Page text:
Jami-Lee: “Earlier in the year I had started to notice that I was struggling with some issues, as we also know I had an inappropriate relationship with Sarah Dowie a National MP that was getting a bit challenging. I was getting emotional about things that I shouldn’t have or normally wouldn’t have. I wasn’t feeling particularly great, I never asked for help though. I was doing the whole kinda brave person look, I didn’t seek help. When things got particularly difficult with Sarah Dowie, who was also my friend, when she sent me that particularly nasty message which incited me to harm myself. It caused me serious emotional distress at the time.
Jami-Lee: I needed help, I contacted a counsellor the very next day after she sent the text in the middle of the night. He referred me to a psychiatrist, who I now see regularly.
Jami-Lee: “Simon and I were pretty good friends for years, I helped him on his leadership campaign. Throughout the year I had been questioning some of the leadership decisions he had been making. I questioned whether we were doing enough because his personal poll rating was dropping. Simon isn’t someone who likes having someone question him too much so he viewed it as disloyalty, I viewed it as me trying to be helpful by saying hey, Simons personal popularity is dropping here, we need to do something because in election year we are going to want him to go head to head with Jacinda Ardern and say I’m capable and I’m worthy of being Prime Minister. If Simon is becoming more and more unlikeable as people get to know him then that is not a winning formula. Questioning the strategy and direction, led to Simon becoming more and more unhappy with me. In late September 2018, he wanted to demote me for disloyalty. They also threw in there behaviour that Paula subsequently described as, ‘unbecoming of a married member of Parliament’. Parliament is very good at keeping quiet, many personal relationships which would probably not pass the Paula Bennett conduct of being a married member of parliament test. It’s never been used against an MP, certainly not in recent times but they used that as the reason to try and push me backwards because Sarah Dowie had also gone to the leadership to say that I was not in a particularly good space. I don’t know for sure but it’s highly likely she also disclosed an inappropriate personal relationship between her and I”.
Jami-Lee: “My accusations and complaints to the police about Simon falsifying his electoral return and also my concerns around the $100,000 donation which, Simon knew about that led to the National Party leadership to combat me. The Newsroom website did an anonymous story with anonymous quotes from people. I know who they all are and I know every single story, I have a very different view about them but it was too late by them, they successfully launched with Paulas instigation against me, to try and combat me. The “combat me” quote is from the person who apologised to me.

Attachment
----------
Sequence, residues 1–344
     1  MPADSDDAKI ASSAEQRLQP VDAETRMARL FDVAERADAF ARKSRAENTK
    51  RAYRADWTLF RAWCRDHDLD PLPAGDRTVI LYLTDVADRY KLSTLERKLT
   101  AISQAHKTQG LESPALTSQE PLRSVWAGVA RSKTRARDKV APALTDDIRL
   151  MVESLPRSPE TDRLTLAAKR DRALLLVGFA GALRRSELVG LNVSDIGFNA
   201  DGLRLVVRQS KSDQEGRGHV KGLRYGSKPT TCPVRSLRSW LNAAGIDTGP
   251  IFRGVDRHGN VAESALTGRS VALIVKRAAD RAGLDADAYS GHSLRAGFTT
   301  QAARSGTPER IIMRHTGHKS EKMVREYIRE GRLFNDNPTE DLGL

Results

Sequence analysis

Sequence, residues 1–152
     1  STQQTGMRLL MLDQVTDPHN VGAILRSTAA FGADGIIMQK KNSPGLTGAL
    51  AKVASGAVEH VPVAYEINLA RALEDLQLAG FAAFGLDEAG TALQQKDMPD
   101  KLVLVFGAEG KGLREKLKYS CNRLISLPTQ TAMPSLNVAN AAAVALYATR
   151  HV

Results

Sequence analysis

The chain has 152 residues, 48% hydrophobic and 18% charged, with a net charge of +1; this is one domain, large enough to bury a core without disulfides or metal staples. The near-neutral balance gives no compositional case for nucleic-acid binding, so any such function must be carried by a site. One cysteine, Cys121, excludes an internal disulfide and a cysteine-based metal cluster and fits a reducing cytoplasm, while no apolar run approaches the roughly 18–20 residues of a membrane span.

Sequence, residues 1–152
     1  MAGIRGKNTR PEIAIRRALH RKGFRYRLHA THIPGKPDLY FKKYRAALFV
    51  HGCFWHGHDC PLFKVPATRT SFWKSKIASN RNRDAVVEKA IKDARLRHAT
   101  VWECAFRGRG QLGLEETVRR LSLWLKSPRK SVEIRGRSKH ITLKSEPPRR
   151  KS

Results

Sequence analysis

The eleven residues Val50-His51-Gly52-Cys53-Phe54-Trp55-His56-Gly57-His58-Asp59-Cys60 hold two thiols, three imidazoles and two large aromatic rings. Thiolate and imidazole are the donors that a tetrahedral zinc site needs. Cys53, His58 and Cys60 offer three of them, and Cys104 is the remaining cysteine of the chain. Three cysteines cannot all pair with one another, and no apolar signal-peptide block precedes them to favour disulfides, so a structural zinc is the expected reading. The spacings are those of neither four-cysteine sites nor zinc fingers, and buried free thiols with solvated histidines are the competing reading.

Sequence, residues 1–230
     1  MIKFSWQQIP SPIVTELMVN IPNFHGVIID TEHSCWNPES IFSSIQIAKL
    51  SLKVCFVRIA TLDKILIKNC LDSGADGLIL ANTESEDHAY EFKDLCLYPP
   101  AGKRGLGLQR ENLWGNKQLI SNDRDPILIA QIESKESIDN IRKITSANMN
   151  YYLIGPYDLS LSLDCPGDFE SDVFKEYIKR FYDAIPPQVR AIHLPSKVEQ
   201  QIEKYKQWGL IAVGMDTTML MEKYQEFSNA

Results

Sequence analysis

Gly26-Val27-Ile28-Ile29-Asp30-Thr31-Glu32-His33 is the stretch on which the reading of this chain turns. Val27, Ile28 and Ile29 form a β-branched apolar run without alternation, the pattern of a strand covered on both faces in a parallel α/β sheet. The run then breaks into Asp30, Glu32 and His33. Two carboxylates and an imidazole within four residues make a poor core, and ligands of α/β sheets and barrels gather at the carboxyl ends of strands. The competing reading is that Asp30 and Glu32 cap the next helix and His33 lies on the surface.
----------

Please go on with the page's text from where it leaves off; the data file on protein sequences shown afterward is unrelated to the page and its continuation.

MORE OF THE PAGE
Hadley: “Will the anonymous person who made anonymous statements about you ever come out to the media?”
Jami-Lee: “I don’t know, it’s her choice. When she apologised and indicated she was concerned for my well being, she asked if she could do anything to help me. I said well, you guys successfully created an image of me which, you know is untrue. You’ve asked to meet with me, you’re sitting her willingly at your request meeting me. You’ve made it sound like in the media though that I’m this terrible person that you have to stay away from. I said if there is anything you could do, you could correct the perception that you helped to create. That’s her choice though if she ever wants to do that.”
Jami-Lee: “By the Saturday, the pressure was very heavy on me, I was struggling anyway. The police had searched for me two times prior because family members had alerted them to concerns for my wellbeing and by the Saturday it was all too much, I was feeling worthless. These two searches took place in that hellish week in mid-October. While the media circus was happening around me, behind the scenes Police had need to search for me twice. I was also visited by emergency health services in the middle of the night while I was in Wellington.” I asked my wife if I could see the children because they are great little happy kids, who I love immensely. She did not think I was in the best space to see the kids, she was doing what any mother would which is caring for the children, she did not think it was good for them to see their father in the emotional state that I was. I felt well, I don’t have anything left here and I considered doing something dumb”. Then on that Saturday a phone call was made to emergency services. They sent an ambulance and a police car to my house, I wasn’t at my house, they started searching for me and my wife assisted with the find my iPhone app. They deployed a police helicopter, dogs, ground support and they stopped the trains. Fortunately they found me and I’m really thankful for them for finding me. I went to Waikato Hospital first, not straight to Middlemoore. I was also help compulsorily. I wasn’t there on a voluntary basis. I don’t blame mental health struggles for any hurt that I’ve caused people, but it is context that’s important when looking back at that week”.